Is someone asked me for permission I would ask to tag along.  grin I love the challenge of trailing. I have found deer that have left no blood trail at all.
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AllenF
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« Reply #12 on: December 15, 2013, 04:57:04 PM »

Yup, the law here in Georgia is you can not trespass to get fallen game.  I have even heard of a guy that could see his dead deer behind a neighbors house and she would not let him have it.  There went one of his buck tags and no meat.  It stinks but I see the reason to keep people from hunting or trespassing on your property.  The next big question is about running dogs and keeping them on just one piece of property and not crossing lines.   
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10framer
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« Reply #13 on: December 15, 2013, 08:55:49 PM »

yeah allen, i don't like the "my dog's can't read." attitude either.  i want to squirrel hunt with a dog next year.  when i do i'll be sure i've talked to the adjacent property owners before i get started on any land that isn't mine or public. 
again, i know all the people hunting close to me so it shouldn't be an issue.  i just can't believe the people that think the law doesn't apply to them when they shoot a deer so poorly that it's able to run more than 100 yards with a bullet in it. 
in georgia there is almost no excuse for a deer going more than 30 yards.  our deer are small and most shots are probably no more than 50 or 60 yards.  if a young kid did it i can see it but an adult should be patient enough to wait for a good shot or let it walk.
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Joe D
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« Reply #14 on: January 11, 2014, 02:23:46 AM »

I think you should ask, then no problems.  Show respect to the land owner.  In Mississippi you have to have written permission to hunt on someones land.  And you would be hunting a wounded animal.  If asked for permission I would be like Stella, I would help you look for it.  Back several years ago I found a guy crossing my land in full camo and a rifle.  I asked what are you doing, Oh I am lost, I asked what did you come from he told me.  He started out about a mile from my land to the west and I caught him as he came back on my land from the east.  I escorted him to the hi way and told him not to get caught on my place again.



Joe
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sterling
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« Reply #15 on: January 15, 2014, 05:52:44 PM »

10framer what kinda squirrel dog are you going to be hunting? I have feist and squirrel hunt when I can. And dogs can't read very well. shocked I hunt a lot of public land and have had um get out and tree in peoples yard. embarassed Most people are pretty understanding when I go after um I leave the gun behind.
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10framer
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« Reply #16 on: January 17, 2014, 09:57:09 PM »

sterling, i bought a feist.  i've let him run on my place and he has gone out past 200 yards a couple of times if the garmin is telling the truth.  i hunted a wma today just to let him run.  wind was blowing about 15 mph steadily and gusting a lot.  now that i kind of know my way around there i'm going to take him out again sunday.  i realy need to shoot one out to him.  he has a good nose and he looks up in the trees but as soon as one hits the nest he leaves the tree and he's only barked a couple of times when we've "hunted" in city parks.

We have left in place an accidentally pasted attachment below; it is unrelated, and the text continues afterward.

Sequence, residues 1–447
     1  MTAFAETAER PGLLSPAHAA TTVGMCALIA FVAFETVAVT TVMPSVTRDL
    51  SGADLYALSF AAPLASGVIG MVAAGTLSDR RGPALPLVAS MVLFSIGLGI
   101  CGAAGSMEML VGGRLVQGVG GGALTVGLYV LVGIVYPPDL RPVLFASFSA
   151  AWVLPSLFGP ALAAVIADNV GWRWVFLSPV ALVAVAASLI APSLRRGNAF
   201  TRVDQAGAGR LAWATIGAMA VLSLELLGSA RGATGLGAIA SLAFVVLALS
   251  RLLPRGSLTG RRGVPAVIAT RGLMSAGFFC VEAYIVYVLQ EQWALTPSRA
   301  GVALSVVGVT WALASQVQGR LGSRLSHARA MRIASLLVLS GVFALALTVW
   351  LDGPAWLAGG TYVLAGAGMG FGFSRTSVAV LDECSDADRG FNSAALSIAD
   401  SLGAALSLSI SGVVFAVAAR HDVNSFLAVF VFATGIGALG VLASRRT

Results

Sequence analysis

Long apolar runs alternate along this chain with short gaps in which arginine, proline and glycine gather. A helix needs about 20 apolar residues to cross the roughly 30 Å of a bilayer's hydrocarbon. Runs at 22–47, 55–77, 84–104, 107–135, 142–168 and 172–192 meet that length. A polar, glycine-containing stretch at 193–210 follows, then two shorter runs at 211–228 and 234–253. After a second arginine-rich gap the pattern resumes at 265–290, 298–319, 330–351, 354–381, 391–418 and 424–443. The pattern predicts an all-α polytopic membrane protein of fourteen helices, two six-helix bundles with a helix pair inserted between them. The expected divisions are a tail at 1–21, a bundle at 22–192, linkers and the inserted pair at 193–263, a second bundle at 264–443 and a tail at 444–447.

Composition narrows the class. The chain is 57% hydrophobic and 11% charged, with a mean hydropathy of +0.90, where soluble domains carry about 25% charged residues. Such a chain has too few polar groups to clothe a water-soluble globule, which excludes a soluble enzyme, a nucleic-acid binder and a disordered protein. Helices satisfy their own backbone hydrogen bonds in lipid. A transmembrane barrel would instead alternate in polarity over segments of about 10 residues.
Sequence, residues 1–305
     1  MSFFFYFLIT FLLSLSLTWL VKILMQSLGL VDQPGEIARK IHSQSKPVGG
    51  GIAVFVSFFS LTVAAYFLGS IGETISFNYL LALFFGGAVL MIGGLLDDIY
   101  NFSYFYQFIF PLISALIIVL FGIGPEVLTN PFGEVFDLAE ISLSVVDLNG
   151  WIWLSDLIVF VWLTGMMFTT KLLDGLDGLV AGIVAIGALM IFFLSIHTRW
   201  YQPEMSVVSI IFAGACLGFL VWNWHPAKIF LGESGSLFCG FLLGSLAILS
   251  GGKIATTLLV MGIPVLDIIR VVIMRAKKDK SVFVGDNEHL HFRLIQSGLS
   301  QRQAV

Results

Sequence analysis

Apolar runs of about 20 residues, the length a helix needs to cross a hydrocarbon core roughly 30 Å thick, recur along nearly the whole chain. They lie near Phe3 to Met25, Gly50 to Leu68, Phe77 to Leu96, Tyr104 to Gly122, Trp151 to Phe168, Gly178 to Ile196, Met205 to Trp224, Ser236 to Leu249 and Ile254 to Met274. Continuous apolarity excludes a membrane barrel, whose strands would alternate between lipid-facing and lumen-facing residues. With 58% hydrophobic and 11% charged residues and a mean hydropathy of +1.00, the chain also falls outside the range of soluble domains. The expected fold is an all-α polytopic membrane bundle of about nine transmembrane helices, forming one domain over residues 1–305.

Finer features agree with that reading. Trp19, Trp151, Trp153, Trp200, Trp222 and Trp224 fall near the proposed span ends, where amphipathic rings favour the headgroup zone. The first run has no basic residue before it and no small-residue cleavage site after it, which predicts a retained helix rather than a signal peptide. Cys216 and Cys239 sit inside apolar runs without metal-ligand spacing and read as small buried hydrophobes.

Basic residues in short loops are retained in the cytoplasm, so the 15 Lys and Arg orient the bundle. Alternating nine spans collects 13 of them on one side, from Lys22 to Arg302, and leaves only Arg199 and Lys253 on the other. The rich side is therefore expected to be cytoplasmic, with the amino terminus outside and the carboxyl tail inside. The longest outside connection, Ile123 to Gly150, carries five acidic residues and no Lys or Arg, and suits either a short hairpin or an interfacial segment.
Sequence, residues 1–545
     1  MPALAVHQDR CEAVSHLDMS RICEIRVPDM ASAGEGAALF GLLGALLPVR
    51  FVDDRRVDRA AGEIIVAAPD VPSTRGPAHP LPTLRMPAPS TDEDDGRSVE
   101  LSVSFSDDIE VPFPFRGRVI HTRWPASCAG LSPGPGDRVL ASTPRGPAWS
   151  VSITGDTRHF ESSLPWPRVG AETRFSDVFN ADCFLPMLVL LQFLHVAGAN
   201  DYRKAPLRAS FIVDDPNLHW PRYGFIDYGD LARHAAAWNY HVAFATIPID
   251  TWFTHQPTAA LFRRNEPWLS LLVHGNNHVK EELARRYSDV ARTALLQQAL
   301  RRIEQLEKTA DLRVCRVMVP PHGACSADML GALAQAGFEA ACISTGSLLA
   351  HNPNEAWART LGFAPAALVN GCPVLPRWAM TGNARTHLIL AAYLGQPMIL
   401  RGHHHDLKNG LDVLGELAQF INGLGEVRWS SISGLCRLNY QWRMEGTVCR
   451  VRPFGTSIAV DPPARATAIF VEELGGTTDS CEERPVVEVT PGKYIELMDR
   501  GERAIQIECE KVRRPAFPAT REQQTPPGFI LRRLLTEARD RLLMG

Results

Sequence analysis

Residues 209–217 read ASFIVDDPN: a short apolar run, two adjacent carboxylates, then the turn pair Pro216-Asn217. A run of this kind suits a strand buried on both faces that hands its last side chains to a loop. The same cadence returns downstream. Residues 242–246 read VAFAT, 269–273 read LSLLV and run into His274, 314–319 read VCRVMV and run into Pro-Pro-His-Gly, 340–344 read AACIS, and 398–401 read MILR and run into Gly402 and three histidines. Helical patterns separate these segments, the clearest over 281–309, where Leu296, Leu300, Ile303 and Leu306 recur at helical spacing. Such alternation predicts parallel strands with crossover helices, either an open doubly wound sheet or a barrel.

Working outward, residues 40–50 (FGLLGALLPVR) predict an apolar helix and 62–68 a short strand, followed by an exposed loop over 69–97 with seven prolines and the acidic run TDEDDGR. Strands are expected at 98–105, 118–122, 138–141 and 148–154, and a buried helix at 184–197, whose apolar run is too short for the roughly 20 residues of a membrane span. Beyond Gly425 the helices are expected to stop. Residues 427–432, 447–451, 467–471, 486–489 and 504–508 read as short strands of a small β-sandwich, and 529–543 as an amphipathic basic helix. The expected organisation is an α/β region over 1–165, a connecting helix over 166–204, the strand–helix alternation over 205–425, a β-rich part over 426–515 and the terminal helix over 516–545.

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sterling
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« Reply #17 on: January 17, 2014, 10:25:14 PM »

How old is he and what bloodline is he? The squirrels are quick to head for a nest or den this time of the year for sure.
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10framer
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« Reply #18 on: January 18, 2014, 10:36:48 PM »

he's 20 months. smokey creek toby was the 2005 mississippi state champion, i found similar breeding on the sire's side to some dog named somebody, something or other tuxedo that i guess is a big deal.  i know he's still not quite old enough to be really finished yet and i think he might not have seen any action from the previous owner.  he rides with me every where i go and we at least hit a park in town almost every day but usually get some woods time at my place but i don't have any squirrel.  thee is a bottom adjacent to my place that has a few fox squirrel in it and i'm going to try to get in there some time this week (lucky i have a great neighbor).  i was going to include a copy of his papers but i don't know how to attach them on here.  ever heard of gill's jack or gill's jill?  they show up a few tmes over 4 generations, i'm guessing they threw (or still throw) good pups since they're in there so much.  also got riverun ruby and riverun j.d. in the mix.  he's brindle with white.  so, all i can tell you is he has some riverun in him.  letters like gr, sq, ch, ch show up here and there but i don't know what they mean.  other names are streak's, williams', boadus', davis', and cochran's.  if you can tell me anything about all that it would be great.
he's smart, he went and pawed his leash when he wanted to go out tonight and i didn't teach him that.  he picks up on words pretty fast.  he figured out that if he acts like he needs to go we go outside and then he just goes into hunt mode.  i've always been a big breed person but this dog is a lot of fun, if he figures it all out i'll definitely get a female or maybe a couple and breed him.  
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kingd
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« Reply #19 on: January 19, 2014, 05:45:01 AM »

If somebody shoots an animal and it wonders onto my property, I would prefer they retrieve it rather than let it rot.  Nothing worse than the smell of a dead animal!  No big deal to me as long as they don’t destroy a bunch of crops in the process of retrieving the animal/deer.  I really despise deer, so I'm thrilled to be rid of as many of them as possible.  Duck might be another issue though, I would get irritated if I find people roaming all over my bee yard (and other goodies) trying to find downed fowl every day.  

I’ve got the “no trespassing” signs up, but nobody pays any attention to them.  Some folks just ignore the laws. police  What are you gonna do?


  I always wondered if you have to ask in Michigan? The only time I was asked was if they could drive in to pick up a down deer.